God help us to remember the cost of our blessings and to remain worthy of that cost.
The opium poppy is widely cultivated and its worldwide production is monitored by international agencies. It is used for production of dried latex and opium, the principal precursor of narcotic and analgesic opiates such as morphine, heroin and codeine. Poppy seeds are rich in oil, carbohydrates, calcium and protein.
The earliest reference to opium was in 3,400 BC where the Sumerians in lower Mesopotamia referred to it as Hul Gil, the “Joy Plant.” They, in turn, passed the knowledge of the opium poppy to the Assyrians, who gave it to the Babylonians, who passed it on to the Egyptians. The Egyptians were famous for their poppy fields and the opium trade flourished during the eighteenth dynasty (around 1500 to 1300 BC) under the reigns of Thutmose IV, Akhenaton and King Tutankhamen. Roman gladiators used opium to enhance their fighting … and to die as painlessly as possible if mortally wounded.
Hippocrates, the father of medicine, saw opium as a helpful narcotic for treating disease. The great physician Galen cautioned that opium should be used sparingly in 158 AD. He said it was better to endure pain than to be bound to the drug. It wasn’t until 400 AD that opium was introduced into China by Arab traders.
Alexander the Great used opium to help his soldiers march farther because they couldn’t feel the pain in their feet; and they could sleep through the night because the wounded were sleeping peacefully under the influence of opium. He introduced opium to India, where its cultivation flourished. One of the goals of Columbus was to bring back opium from India, as its access had been cut off when the Arabs were expelled from Spain. He didn’t get to India, but he brought back tobacco from the New World and smoking tobacco became common throughout Europe.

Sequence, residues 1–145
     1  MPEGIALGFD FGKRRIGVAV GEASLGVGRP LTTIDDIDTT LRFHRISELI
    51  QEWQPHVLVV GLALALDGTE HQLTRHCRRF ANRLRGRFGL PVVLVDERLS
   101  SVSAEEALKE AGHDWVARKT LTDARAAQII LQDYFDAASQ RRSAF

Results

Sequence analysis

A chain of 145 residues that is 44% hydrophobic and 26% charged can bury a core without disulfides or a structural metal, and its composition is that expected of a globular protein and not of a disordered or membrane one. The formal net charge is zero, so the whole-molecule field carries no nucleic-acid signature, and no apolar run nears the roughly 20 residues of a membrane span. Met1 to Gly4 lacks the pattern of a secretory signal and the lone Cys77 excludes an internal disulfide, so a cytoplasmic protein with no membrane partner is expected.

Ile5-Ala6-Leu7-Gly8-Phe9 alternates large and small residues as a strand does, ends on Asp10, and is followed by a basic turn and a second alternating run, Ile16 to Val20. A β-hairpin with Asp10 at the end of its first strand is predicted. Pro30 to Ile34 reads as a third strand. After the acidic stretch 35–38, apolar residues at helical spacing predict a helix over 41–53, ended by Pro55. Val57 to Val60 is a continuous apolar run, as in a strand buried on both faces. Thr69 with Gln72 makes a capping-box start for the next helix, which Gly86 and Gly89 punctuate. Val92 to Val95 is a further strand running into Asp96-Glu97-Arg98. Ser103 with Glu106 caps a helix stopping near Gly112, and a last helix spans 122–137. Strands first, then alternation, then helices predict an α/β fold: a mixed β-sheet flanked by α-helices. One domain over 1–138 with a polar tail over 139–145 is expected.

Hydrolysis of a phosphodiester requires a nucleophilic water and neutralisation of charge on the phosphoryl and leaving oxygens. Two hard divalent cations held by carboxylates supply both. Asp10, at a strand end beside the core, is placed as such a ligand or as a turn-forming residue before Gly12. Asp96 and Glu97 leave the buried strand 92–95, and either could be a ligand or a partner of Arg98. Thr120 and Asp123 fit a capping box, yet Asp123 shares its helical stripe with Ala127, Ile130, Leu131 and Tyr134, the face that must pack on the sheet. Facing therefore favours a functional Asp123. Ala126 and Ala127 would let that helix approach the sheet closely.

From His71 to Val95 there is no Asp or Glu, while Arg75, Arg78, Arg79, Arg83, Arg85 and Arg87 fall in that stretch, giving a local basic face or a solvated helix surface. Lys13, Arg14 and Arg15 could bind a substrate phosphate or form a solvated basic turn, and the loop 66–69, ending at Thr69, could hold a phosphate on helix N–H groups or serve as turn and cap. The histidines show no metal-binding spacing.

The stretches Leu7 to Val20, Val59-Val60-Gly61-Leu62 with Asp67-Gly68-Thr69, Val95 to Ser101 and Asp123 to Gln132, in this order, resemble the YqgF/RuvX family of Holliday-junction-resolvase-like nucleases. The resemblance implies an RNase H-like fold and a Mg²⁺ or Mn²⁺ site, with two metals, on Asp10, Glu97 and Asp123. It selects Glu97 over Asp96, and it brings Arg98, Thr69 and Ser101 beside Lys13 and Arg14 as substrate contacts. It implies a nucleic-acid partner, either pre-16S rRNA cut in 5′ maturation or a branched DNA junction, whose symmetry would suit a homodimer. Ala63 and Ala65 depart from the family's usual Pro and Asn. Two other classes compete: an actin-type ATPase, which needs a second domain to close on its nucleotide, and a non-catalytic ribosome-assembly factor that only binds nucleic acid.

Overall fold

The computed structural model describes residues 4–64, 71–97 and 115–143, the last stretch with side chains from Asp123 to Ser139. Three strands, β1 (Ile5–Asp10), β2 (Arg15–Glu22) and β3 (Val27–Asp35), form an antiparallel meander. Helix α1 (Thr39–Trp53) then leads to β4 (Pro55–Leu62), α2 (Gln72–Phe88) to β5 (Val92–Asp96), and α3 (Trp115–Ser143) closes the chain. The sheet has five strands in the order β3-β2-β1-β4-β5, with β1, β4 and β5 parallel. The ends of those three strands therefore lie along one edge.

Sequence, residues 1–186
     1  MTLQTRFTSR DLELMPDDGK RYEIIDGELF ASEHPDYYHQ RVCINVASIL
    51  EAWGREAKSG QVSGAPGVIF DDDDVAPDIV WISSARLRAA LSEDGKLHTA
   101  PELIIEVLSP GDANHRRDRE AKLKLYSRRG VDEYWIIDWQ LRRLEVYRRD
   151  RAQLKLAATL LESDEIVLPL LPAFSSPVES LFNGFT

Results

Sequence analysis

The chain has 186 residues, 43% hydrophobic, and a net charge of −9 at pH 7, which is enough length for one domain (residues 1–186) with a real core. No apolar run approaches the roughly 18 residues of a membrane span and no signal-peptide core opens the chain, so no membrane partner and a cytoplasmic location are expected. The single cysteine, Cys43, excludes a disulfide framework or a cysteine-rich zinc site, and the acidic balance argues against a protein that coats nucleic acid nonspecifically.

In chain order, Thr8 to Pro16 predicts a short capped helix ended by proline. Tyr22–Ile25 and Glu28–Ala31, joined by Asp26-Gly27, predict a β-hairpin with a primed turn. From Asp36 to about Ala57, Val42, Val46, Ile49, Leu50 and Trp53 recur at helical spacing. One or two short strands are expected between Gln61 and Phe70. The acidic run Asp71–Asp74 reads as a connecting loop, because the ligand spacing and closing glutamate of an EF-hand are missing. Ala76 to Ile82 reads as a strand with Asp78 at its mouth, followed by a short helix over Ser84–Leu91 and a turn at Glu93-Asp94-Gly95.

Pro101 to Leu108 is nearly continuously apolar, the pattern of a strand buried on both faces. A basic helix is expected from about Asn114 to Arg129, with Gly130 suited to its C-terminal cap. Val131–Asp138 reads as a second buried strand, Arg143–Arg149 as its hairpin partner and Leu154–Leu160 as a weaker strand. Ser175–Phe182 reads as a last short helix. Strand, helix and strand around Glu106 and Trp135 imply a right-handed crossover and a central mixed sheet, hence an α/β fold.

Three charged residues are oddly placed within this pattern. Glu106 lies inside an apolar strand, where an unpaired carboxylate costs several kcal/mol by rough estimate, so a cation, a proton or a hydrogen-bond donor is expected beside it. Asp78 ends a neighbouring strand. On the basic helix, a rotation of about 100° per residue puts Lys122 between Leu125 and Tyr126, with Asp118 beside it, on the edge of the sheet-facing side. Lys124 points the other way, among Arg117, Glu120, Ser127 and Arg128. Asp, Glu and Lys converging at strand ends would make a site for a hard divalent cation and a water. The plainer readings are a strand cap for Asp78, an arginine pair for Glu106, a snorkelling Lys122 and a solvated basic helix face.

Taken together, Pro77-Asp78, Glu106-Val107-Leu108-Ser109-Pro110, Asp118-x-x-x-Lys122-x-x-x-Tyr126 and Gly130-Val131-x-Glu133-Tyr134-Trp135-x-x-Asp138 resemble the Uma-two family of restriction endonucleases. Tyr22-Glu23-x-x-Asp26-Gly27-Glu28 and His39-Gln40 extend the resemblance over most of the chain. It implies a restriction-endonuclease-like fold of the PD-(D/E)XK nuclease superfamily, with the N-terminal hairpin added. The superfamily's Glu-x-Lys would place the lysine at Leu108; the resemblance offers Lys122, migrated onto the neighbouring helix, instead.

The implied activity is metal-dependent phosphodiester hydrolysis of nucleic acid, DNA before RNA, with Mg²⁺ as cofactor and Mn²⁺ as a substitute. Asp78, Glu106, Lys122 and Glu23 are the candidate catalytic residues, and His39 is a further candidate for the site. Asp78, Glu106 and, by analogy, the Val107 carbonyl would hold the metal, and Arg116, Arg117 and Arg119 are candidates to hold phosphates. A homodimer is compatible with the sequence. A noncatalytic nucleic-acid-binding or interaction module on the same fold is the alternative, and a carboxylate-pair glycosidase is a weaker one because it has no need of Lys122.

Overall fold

In 1803, a German chemist named Friedrich Sertuerner synthesized morphine from opium. Sertuerner’s wife overdosed on morphine and died. He then publically warned against its dangers. But morphine was also a great step forward in medicine. It allowed doctors to do true surgery for the first time. Morphine was heralded as “God’s own medicine” for its reliability and long-lasting effects. By 1827, the E. Merck & Company of Darmstadt Germany was commercially manufacturing morphine.
A new technique for administering morphine was developed by Dr. Alexander Wood of Edinburg when he invented the syringe in 1843. Wood believed that if morphine was injected instead of swallowed, “patients would not hunger for it.” He was wrong; and several of his patients became dependent.
John Witherspoon warned his fellow doctors in a June 23, 1900 article about their indiscriminant use of morphine. The morphine habit was growing at an alarming rate; and doctors were culpable for “too often giving this seductive siren until the will-power is gone.” Pointing to the Great First Physician, he said doctors should “save our people from the clutches of this hydra-headed monster” which wrecked lives and filled jails and lunatic asylums.
In my forthcoming book –
“Daughter of the Dark Lord, Book One, The Burning Sky”